Living the Liturgical Year, Part 4: Celebrating Your Story

If you missed the first part of our series (1), (2), (3) we’ve been exploring how to do this thing called liturgical living. Last time, we dug into the details of how to craft a celebration that feeds the soul.

It’s not all saints and solemnities, though. God ordained the Christian home to be the nexus of faith on earth, and some of the best celebrations on the Church calendar are right under your roof!

Hummingbird Cake

Today, I want to touch on four reasons to celebrate in your domestic church:

  1. Baptismal anniversaries
  2. Wedding anniversaries
  3. Namedays, and
  4. The Sacrament of Reconciliation (or confession).

Please, don’t think of what I’ve written as rules or even recommendations. (Remember, we talked about that here–how it’s all about what you bring to the table.) This is simply a smattering of humble ideas from out of my scattered mommy brain to get you started.

This is your family’s faith story. The best way to tell it is your way. Just please make sure you do tell it–the whole Church is richer for your sharing.

BAPTISMAL ANNIVERSARIES

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St. Therese of Lisieux wrote in her autobiography that she considered the day of her baptism (as opposed to her birthday) to be the true day of her birth.

For most families (and even some single folks), it would be impractical to celebrate our baptismal anniversaries with the fanfare of a birthday party. Still, it is certainly an occasion worth celebrating.

In our home, we have a simple ceremony after our evening meal where the anniversarian (that’s a thing, right?) is invited to light his or baptismal candle and renew their baptismal promises. (When the children are very young, we do this for them.) We keep all the candles, as well as the text for the renewal of promises in a drawer in our dining room for this purpose.

You might attend Mass at the church of your baptism (if you still live in the area) or take time to pray over and reflect on your spiritual growth through the past year and where God might be calling you in the next. You could record your prayers and thoughts in a special journal so that you can look back and see God’s leading from year to year.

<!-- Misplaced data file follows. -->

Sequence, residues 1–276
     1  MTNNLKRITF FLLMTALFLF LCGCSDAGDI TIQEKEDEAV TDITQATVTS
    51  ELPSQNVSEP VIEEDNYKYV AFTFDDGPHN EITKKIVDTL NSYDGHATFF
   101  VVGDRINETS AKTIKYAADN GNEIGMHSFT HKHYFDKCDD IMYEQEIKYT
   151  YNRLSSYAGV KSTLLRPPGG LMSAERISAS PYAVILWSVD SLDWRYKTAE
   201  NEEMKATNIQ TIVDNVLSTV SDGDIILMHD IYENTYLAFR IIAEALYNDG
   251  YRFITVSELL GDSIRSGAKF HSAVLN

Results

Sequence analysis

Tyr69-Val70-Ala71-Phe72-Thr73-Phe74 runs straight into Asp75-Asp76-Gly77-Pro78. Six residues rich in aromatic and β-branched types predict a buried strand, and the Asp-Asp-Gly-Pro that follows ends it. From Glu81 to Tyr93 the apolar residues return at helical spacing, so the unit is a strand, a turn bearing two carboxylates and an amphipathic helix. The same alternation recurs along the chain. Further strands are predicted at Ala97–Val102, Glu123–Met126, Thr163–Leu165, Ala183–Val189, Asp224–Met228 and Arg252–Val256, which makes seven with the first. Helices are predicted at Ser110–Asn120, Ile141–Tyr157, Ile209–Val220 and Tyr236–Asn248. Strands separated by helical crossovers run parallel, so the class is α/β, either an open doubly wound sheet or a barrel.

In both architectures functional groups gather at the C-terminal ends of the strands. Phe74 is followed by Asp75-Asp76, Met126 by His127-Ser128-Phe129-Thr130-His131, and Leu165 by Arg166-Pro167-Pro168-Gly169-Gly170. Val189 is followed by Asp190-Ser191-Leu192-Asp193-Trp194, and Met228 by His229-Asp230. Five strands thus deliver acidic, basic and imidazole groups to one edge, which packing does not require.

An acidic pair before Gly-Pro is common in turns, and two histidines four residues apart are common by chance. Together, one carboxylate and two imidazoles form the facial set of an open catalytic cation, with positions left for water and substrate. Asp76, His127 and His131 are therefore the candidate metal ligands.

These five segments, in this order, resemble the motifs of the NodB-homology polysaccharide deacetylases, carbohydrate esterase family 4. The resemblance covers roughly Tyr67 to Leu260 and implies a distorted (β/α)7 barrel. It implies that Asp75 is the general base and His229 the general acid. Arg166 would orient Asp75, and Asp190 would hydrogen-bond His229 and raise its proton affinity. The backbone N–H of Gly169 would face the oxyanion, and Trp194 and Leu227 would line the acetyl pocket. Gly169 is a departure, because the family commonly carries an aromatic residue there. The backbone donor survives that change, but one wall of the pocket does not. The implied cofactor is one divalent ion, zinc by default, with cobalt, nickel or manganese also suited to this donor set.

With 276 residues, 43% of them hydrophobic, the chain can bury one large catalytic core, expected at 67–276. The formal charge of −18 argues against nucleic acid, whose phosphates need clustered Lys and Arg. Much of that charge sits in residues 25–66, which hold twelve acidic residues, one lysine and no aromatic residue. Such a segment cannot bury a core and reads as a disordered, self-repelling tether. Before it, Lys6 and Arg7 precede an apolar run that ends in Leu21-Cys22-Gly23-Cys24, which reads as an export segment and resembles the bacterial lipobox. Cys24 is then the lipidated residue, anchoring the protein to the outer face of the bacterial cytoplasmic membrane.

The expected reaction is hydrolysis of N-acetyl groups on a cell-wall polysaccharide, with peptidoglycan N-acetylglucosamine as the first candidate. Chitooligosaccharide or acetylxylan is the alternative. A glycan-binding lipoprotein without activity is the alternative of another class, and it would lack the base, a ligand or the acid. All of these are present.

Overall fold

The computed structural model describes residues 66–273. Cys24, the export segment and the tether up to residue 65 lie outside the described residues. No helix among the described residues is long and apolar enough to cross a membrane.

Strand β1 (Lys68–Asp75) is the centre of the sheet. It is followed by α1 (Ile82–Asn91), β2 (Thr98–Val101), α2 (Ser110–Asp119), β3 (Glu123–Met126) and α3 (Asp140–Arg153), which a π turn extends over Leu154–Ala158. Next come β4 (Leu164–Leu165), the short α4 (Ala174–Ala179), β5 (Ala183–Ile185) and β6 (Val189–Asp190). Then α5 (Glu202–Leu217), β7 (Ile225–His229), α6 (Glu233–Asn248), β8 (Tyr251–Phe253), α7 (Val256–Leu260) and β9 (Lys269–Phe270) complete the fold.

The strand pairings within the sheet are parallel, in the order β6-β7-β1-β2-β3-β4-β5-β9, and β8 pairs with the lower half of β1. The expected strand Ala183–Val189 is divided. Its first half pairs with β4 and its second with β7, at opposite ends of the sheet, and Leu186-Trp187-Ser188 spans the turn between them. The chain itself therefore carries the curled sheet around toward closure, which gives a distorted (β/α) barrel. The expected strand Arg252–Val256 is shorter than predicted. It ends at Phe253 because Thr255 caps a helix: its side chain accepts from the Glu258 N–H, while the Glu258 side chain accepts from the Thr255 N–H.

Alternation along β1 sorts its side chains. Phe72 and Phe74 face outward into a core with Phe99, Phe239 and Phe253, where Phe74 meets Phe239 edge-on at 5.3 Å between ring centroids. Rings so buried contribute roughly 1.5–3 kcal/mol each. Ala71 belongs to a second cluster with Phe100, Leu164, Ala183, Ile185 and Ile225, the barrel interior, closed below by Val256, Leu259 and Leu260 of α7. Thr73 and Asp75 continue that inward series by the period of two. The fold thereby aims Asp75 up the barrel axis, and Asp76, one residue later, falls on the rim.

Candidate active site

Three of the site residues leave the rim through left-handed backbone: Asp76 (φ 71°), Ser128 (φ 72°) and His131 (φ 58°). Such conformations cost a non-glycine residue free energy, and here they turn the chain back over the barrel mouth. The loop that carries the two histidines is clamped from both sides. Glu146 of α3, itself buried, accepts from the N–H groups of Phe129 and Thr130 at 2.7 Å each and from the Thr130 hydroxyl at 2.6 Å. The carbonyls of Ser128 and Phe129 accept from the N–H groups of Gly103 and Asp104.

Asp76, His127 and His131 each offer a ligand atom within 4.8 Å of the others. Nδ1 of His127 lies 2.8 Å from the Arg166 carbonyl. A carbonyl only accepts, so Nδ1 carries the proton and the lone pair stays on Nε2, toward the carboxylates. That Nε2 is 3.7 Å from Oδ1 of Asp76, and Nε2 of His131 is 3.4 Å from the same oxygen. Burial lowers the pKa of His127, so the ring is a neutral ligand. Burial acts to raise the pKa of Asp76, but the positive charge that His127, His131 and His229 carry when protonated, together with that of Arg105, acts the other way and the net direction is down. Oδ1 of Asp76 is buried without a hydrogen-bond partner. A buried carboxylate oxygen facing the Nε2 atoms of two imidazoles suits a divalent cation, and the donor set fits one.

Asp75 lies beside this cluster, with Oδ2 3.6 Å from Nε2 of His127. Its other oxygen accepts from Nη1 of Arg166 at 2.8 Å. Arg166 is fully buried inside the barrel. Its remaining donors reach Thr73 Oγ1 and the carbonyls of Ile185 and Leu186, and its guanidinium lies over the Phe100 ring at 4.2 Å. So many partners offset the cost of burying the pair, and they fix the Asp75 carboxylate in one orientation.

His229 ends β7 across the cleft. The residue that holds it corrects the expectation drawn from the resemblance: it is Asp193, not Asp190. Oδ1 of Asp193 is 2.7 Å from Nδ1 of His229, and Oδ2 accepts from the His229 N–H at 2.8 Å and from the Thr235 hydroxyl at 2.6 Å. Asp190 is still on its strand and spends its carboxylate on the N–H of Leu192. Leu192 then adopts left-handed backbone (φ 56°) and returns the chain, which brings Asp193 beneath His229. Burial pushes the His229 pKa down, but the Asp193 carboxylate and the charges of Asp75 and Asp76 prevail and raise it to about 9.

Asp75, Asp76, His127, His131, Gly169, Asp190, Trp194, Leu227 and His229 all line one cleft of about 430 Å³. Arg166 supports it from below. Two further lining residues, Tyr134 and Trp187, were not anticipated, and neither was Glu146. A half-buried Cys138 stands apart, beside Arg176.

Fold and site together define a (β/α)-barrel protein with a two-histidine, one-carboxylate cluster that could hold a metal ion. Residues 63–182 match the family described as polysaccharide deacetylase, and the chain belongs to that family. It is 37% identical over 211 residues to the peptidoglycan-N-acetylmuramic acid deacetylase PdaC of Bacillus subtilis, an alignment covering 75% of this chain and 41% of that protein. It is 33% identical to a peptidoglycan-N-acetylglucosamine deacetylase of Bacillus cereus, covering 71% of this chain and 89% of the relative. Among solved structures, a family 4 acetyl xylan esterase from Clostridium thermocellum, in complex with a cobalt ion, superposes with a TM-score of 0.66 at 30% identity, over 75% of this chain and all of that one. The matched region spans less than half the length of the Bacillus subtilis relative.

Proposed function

If you don’t know when you were baptized, contact the church or parish of your baptism (ask your parents or godparents, if you are able). They should have that information for you.

WEDDING ANNIVERSARIES

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“Married persons are…the permanent reminder to the Church of what happened on the Cross…”
– St. John Paul II

So often today we think of marriage as being only about the spouses, but Scripture tells a different story. It’s true that marriage exists for the betterment of the spouses, but it’s so much more than that.

Believe it or not, Christian marriage is a living testament to God’s love for his Church. It’s a vocation, but it’s also a mission and a ministry. Married love is meant to be shared.

I strongly encourage all couples to celebrate their love story in a special way on their anniversary. It doesn’t matter so much what you do as that you do something to honor the day – and each other. 

You might consider going to a location that’s significant to your marriage (such as the coffeehouse where you first met), having dinner at a favorite restaurant (without the kids!), or sharing an activity you both enjoy (indoor rock climbing, anyone?).

If you haven’t already done so, take a little time to learn your spouse’s love language. Try to incorporate it into your celebration.

Many people like to exchange gifts to mark their anniversaries. One idea my husband and I have tried is to purchase a gift together. It may not be stereotypically “romantic,” but we have had such fun choosing something that will bless our home and our family for years to come.